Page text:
- (Photo: Wikimedia Commons)
Late last week, Zipcar launched a LivingSocial deal in which District residents could sign up for a year's membership for a mere $29 — 75% off the standard price and with $30 in driving credit included. The deal ran for about two days, all said and done, and attracted a quite a bit of attention.
Well, the numbers are in — the deal grew Zipcar's D.C. membership by a whopping 3,745 people.
The deal was first unveiled early Thursday morning, and I couldn't take my eyes off it. I wrote about the company's LivingSocial deal shortly after it was announced, wondering initially whether Zipcar may have conjured up the deal as a way to collect new members in a car-sharing market that's about to get some competition. Zipcar lost most of the District's 84 curbside parking spaces recently, which for years it had enjoyed exclusively. Although Zipcar maintains that it won't experience a genuine reduction in spaces or rising prices, the company will know its first true competition in the area for the first time in nearly half a decade. DCist confirmed that this is not the case — that the LivingSocial deal had been scheduled for months and was happening in multiple locations — but I still can't ignore the implications of what such a LivingSocial deal means at this time.
The numbers told their own story as I watched the LivingSocial site.
By 10 a.m. Thursday, more than 900 people bought the $29 annual Zipcar membership. By 1:15 p.m., the number had risen to 1,803. Fast forward to 3:17 p.m. — 2,161 new people aspired to be Zipsters. The deal continued into Friday, and by 2:10 p.m. that day, 3,465 people opted for the Zipcar life. Once the deal expired 14 hours and 50 minutes later, we had our final number — 3,745 people.
3, 745. That's a lot of new D.C. Zipsters, people!
Consider the fact that Washington, D.C. previously sported what was said to be 55,000 Zipcar members. Zipcar built up its D.C. membership for a decade, working carefully and with assistance from individuals such as Gabe Klein, former DDOT director and Zipcar executive. Now, thanks solely to a LivingSocial deal, that number should be a little closer to 59,000 as we move into fall. These thousands of new members paid what would amount to, collectively, $108,605 for these memberships; without the discounted deal, Zipcar says the value offered would be $115, in which case those close-to-four thousand new members would have paid $430,675 for that value in joining Zipcar.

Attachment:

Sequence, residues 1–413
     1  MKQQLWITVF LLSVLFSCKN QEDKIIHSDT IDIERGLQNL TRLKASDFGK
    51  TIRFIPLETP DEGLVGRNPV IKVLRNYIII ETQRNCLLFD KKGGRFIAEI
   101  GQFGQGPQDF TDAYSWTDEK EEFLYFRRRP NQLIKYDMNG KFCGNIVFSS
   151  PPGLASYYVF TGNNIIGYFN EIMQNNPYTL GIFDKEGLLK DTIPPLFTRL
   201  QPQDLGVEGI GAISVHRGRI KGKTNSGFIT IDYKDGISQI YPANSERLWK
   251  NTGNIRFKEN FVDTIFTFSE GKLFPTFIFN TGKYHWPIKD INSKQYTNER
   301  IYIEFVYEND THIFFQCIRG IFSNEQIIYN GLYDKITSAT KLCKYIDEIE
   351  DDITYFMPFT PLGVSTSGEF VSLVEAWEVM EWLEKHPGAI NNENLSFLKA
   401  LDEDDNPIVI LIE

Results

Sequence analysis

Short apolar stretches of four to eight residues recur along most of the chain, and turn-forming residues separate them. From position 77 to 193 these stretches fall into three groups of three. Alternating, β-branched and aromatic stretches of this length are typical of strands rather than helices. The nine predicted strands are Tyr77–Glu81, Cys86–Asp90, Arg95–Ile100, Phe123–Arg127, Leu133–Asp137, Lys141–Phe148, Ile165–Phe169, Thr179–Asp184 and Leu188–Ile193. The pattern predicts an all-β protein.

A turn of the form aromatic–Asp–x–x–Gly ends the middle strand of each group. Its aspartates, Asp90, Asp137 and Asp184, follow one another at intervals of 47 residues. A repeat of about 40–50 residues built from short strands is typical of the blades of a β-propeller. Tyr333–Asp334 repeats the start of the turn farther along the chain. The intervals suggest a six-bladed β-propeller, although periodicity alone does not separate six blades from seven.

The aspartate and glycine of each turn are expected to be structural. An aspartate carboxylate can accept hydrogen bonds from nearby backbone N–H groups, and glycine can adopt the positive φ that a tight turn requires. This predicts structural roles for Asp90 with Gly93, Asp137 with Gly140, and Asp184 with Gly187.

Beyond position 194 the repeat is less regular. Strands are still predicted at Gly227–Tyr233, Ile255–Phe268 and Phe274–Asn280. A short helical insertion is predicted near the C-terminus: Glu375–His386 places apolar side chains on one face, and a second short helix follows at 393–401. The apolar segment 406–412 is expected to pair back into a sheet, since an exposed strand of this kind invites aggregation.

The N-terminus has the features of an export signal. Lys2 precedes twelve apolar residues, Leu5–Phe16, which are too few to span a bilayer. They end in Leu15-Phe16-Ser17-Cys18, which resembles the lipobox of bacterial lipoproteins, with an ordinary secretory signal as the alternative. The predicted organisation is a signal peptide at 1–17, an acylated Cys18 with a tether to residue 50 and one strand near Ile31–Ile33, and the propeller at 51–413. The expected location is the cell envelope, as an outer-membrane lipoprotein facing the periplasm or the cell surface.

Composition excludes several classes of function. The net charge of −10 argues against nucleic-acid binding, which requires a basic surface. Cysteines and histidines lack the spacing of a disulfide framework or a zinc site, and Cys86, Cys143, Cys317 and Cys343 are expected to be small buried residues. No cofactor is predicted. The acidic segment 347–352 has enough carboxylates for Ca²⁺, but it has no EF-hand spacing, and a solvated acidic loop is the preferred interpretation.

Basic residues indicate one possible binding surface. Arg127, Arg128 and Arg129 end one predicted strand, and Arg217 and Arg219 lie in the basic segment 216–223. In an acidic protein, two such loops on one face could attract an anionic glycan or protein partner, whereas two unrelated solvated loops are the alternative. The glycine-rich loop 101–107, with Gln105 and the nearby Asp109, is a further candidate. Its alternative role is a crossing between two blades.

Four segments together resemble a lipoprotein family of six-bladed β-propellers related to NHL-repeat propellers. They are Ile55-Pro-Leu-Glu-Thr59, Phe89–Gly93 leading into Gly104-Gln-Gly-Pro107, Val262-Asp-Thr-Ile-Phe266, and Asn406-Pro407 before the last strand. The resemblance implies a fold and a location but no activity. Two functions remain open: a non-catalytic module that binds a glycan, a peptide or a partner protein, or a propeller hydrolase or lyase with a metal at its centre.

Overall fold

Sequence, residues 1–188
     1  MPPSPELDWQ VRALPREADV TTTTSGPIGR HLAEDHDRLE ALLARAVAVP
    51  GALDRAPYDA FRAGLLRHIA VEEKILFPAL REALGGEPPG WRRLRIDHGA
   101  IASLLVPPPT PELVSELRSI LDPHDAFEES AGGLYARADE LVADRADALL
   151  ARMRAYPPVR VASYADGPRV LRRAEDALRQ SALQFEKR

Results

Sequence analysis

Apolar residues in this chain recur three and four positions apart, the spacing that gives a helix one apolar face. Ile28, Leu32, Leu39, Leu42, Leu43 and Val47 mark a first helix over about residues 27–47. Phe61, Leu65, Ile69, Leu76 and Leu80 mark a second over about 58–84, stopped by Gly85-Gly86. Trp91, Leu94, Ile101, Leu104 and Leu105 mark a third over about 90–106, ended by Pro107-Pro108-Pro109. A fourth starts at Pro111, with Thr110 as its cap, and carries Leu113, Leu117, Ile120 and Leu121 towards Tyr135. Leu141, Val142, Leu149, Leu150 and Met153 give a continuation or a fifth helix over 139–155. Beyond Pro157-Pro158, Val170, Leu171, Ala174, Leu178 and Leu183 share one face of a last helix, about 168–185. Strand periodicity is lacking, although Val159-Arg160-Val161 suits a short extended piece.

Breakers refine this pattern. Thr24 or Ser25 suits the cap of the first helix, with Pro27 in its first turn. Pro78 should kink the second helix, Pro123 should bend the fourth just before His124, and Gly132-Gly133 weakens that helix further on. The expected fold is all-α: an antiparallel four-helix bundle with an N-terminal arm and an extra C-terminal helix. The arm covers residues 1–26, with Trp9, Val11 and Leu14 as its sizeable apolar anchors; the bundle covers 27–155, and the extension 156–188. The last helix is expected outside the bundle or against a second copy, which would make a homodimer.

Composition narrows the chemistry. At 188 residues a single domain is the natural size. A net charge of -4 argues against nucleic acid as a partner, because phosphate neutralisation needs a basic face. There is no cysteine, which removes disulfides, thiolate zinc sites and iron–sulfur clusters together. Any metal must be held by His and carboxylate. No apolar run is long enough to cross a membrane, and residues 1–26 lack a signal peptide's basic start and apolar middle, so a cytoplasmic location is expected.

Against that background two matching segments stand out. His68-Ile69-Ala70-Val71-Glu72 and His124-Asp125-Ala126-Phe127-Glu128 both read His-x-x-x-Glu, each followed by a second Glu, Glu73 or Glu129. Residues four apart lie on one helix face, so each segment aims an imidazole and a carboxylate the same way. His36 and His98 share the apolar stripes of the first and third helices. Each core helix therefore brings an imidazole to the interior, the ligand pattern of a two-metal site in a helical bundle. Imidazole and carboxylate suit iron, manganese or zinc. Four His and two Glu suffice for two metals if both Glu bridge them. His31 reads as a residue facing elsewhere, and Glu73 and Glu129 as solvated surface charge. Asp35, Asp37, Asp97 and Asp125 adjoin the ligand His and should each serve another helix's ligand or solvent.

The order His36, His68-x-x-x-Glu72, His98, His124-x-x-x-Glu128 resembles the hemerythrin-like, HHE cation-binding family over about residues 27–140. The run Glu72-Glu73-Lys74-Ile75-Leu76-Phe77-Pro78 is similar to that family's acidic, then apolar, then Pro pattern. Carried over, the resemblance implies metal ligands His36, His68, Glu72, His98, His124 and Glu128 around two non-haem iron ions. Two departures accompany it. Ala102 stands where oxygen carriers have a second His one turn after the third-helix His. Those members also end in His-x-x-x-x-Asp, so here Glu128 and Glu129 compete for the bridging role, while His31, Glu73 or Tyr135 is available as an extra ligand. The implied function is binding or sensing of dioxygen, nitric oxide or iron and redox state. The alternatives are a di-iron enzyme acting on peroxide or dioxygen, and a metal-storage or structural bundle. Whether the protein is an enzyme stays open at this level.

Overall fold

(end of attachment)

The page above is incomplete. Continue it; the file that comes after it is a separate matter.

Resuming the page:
Hence the magic of LivingSocial — Zipcar just got a whole bunch of new people to buy their offerings, a fantastic leap in membership numbers, all the while losing $322,070 due to the heavy discount. That's a powerful, game-changing move in a market that's as boxed in as car-sharing.
Why? Because there's a limited number of customers who will join and give a damn about car-sharing. To be fair — that can be a high number, especially in our city. There are close to 200,000 households in the D.C. metro area without any personal cars, and many of these households may have a vested interest in car-sharing. A lot of people commute by Metro, by bike, on foot, and in other ways that don't rely on a car ... while still having the occasional desire for one. Those people are prime to join a car-sharing service, whether Zipcar or any of the new ones on the way.
The people who joined Zipcar thanks to the LivingSocial deal are what we'd call fencers ... people on the fence about when, why, and how they'll join a car-sharing service. Zipcar and LivingSocial present a deal, and boom, suddenly there's a reason to buy a service. These are, in many cases, the same people who might have been tempted by Zipcar's new (and still essentially unknown) competition. Over at Greater Greater Washington, Rob Pitingolo suggested recently that a new oligopolistic car-sharing market won't be fundamentally different than the one we have now. He alludes to how rates and features can be such great selling points, but also correctly says that once people choose a service, they stick with it. In other words, these new Zipsters, lured in by a great price, aren't likely to switch over to a competing car-sharing service.
Even if the deal was incidental to the bidding, Zipcar may have shown special insight in launching their deal when they did. The company now sports nearly 4,000 new customers that their competition may have, sooner or later, picked up if not for last week's LivingSocial deal.